Rice Pilaf with Tomatoes

Pilaf with Tomatoes 14

I’ve been on a pilaf kick recently, ever since I had one at the Savoy last week and I can’t even deal with how good it was.  They’re really easy to make, too, just a few extra steps more than plain Jane rice.  Why not? This version serves 6 comfortably, with leftovers.

Pilaf with Tomatoes 1

I had half a 28oz can of diced tomatoes in the fridge as well as some shallots left over from probably Christmas so I figured I’d do something to use them up and take advantage of my overstock of Trader Joe’s Wild Rice Medley.

Pilaf with Tomatoes 3

I chopped up a handful of mushrooms and shallots and set those aside.

Pilaf with Tomatoes 2

Then I dumped a hunk of butter and some olive oil into a skillet and let that melt on medium-high heat.

Pilaf with Tomatoes 4

When it was all melted and foamy I tipped in 2 cups wild rice medley (you can use whichever rice you wish, of course).  I had a bit of black rice hanging around as well so I chucked that in too.

Pilaf with Tomatoes 5

Stir that around until it gets all coated with butter.  You’re basically toasting it here, so you want it to get a bit brown and smoky.

Pilaf with Tomatoes 7

Now you can add in your vegetables and stir them around a bit.

Pilaf with Tomatoes 8

I left the tomatoes until last because I wanted the onions and mushrooms to soften a bit.

Pilaf with Tomatoes 9

Now you add your stock.  Any stock you like.  Just make sure that it works according to your rice’s cooking directions.  This rice requires 2 1/2 cups liquid for every cup of rice.  I had 4 cups broth in my little carton here, plus a cup of liquid in the tomatoes.

Pilaf with Tomatoes 10

Give that a stir, then cover it and let it simmer for the allotted time given in the cooking directions (with mine it was 40 minutes).  I stirred mine occasionally, but only because I’m paranoid about burning rice.  I’m really good at burning rice.

Pilaf with Tomatoes 11

When it’s cooked take the lid off and remove it from the heat and let it sit for about ten minutes.

Pilaf with Tomatoes 12

We served ours next to a bed of greens and topped with a pan-seared half chicken breast.  It was lovely!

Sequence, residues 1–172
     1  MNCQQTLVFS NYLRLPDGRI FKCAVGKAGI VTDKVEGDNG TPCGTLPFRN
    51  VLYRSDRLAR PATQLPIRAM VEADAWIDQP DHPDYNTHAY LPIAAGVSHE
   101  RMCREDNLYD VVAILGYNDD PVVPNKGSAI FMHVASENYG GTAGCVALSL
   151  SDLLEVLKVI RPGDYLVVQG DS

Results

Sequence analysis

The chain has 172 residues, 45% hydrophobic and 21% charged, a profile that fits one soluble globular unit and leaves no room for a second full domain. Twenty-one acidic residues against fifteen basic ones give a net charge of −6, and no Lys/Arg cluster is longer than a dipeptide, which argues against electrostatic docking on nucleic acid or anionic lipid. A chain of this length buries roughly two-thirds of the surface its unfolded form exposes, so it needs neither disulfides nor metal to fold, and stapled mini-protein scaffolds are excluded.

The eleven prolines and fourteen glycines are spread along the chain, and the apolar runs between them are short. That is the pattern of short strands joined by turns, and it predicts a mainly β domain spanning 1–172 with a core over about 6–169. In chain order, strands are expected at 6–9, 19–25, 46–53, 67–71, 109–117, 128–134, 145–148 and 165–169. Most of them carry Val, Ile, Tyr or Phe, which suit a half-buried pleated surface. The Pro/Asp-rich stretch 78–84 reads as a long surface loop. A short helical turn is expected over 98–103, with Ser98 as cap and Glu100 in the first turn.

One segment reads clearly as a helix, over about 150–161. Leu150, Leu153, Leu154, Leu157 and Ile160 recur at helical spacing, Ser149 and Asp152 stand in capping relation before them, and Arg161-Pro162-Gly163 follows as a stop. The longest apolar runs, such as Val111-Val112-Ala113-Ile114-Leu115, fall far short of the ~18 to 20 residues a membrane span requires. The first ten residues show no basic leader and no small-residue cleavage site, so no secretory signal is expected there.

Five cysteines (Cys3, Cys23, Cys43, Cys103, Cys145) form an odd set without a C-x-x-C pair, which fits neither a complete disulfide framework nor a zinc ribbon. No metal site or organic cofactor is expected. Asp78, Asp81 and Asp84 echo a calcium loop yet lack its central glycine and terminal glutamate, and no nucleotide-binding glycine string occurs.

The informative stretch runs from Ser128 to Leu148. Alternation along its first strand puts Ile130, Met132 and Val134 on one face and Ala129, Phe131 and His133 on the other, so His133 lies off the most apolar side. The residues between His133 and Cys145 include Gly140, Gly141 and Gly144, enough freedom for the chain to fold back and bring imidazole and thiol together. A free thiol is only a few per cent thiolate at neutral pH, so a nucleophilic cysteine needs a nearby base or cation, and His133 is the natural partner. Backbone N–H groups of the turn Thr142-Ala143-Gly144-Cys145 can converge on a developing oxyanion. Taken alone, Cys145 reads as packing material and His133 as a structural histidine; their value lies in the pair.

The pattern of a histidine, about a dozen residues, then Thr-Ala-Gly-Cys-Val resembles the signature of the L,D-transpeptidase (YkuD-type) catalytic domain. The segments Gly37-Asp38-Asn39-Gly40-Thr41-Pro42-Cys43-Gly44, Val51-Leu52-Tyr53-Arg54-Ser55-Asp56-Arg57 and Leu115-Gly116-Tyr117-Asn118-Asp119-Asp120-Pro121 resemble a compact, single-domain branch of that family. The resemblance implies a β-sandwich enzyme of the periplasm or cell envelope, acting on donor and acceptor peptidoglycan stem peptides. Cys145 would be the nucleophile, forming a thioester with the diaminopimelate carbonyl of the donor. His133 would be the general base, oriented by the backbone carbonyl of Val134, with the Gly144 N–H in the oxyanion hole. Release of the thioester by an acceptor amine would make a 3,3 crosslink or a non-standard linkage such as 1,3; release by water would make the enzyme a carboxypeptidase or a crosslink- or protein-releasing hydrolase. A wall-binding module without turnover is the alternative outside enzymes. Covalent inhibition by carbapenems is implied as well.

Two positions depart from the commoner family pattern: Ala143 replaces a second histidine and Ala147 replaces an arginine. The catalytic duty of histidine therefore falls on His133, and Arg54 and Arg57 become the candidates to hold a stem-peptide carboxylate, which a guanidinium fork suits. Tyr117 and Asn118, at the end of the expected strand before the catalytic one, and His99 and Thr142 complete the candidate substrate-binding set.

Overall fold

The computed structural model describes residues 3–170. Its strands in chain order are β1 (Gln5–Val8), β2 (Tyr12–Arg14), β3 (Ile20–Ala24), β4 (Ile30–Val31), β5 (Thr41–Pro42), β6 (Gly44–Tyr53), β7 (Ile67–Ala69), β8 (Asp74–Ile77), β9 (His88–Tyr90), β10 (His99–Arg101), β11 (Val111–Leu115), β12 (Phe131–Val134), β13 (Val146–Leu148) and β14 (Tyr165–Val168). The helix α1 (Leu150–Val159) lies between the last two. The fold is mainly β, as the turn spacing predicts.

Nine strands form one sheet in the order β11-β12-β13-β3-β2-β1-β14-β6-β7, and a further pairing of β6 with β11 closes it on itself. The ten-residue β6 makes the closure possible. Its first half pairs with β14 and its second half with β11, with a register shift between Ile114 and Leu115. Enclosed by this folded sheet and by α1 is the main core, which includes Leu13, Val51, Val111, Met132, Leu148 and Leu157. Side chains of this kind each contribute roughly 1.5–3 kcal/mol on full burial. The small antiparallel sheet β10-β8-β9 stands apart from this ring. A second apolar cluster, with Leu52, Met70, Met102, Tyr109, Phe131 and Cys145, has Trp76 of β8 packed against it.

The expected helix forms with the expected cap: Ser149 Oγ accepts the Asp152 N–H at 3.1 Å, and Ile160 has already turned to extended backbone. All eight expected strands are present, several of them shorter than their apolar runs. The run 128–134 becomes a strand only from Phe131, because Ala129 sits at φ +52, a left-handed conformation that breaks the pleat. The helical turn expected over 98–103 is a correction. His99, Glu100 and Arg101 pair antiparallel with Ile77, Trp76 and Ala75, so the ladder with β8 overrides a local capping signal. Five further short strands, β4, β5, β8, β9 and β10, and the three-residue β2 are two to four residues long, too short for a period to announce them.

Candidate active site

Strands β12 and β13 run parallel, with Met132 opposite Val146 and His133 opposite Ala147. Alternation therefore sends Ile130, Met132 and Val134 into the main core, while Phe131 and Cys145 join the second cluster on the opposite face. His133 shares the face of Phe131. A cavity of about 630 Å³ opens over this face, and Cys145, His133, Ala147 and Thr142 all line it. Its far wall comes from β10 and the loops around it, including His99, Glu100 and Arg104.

Pilaf with Tomatoes 16

Guinness Lamb Stew with Wild Rice

Guinness Lamb Stew 26

I know you all think I’m weird because I don’t like soup.  But spooning hot liquid into my mouth (and spilling it down my face, because that’s how I roll) is not my idea of a good time.  I do, however, have a fondness for stew.  Especially stew with beer in it, because beer is a great tenderizer of things.  And because I like beer.

Guinness Lamb Stew 7

I’ve had this stewing lamb in my freezer for a while and I decided it was probably time I do something about it.

Guinness Lamb Stew 1

So I took it out, put it on a plate, and patted it dry with a paper towel.

Guinness Lamb Stew 2

Then, in a bowl, I took a small scoop of flour, added salt and pepper, and gave it a stir.

Guinness Lamb Stew 4

Into that I hucked the lamb cubes, and gave them a stir as well.

Guinness Lamb Stew 6

I heated up my trusty cast iron skillet with a few tablespoons olive oil inside.  Then, shaking the excess flour off the lamb, I plopped it in the skillet to brown.

Guinness Lamb Stew 8

While that was going on I cut up some vegetables: carrots, an onion, and a package of mushrooms.

Guinness Lamb Stew 3

I didn’t have any potatoes, that classic stew thickener, so I decided to use rice.  This wild rice blend from Trader Joe’s is excellent.

Guinness Lamb Stew 10

Guinness Lamb Stew 11

I took the browned lamb cubes out and put them on a plate to rest a few minutes.

Guinness Lamb Stew 13

Then I added a bit more oil to the pan and chucked in the vegetables, giving the onions a wee bit of a head start in the cooking.

Guinness Lamb Stew 14

Once they’ve softened you can add the rest.

Guinness Lamb Stew 15

Now you can chuck the meat back in.  Then I plopped in some parsley, Newfoundland savoury, rosemary, and thyme.  If I’d had sage I would have used that, just to make up the lyrics to that “Scarborough Fair” song.

Guinness Lamb Stew 16

I also added a few more tablespoons flour.

Guinness Lamb Stew 18

At this point I ran out of space in my pan so I transferred the contents of the skillet to a larger saucepan.  I used a bit of beef broth to deglaze the pan a bit and poured that into the pot, along with the rest of the beef broth (about 3 cups).

Guinness Lamb Stew 19

Guinness Lamb Stew 20

Then came two cans of Guinness stout (minus a sip or two, for quality control of course).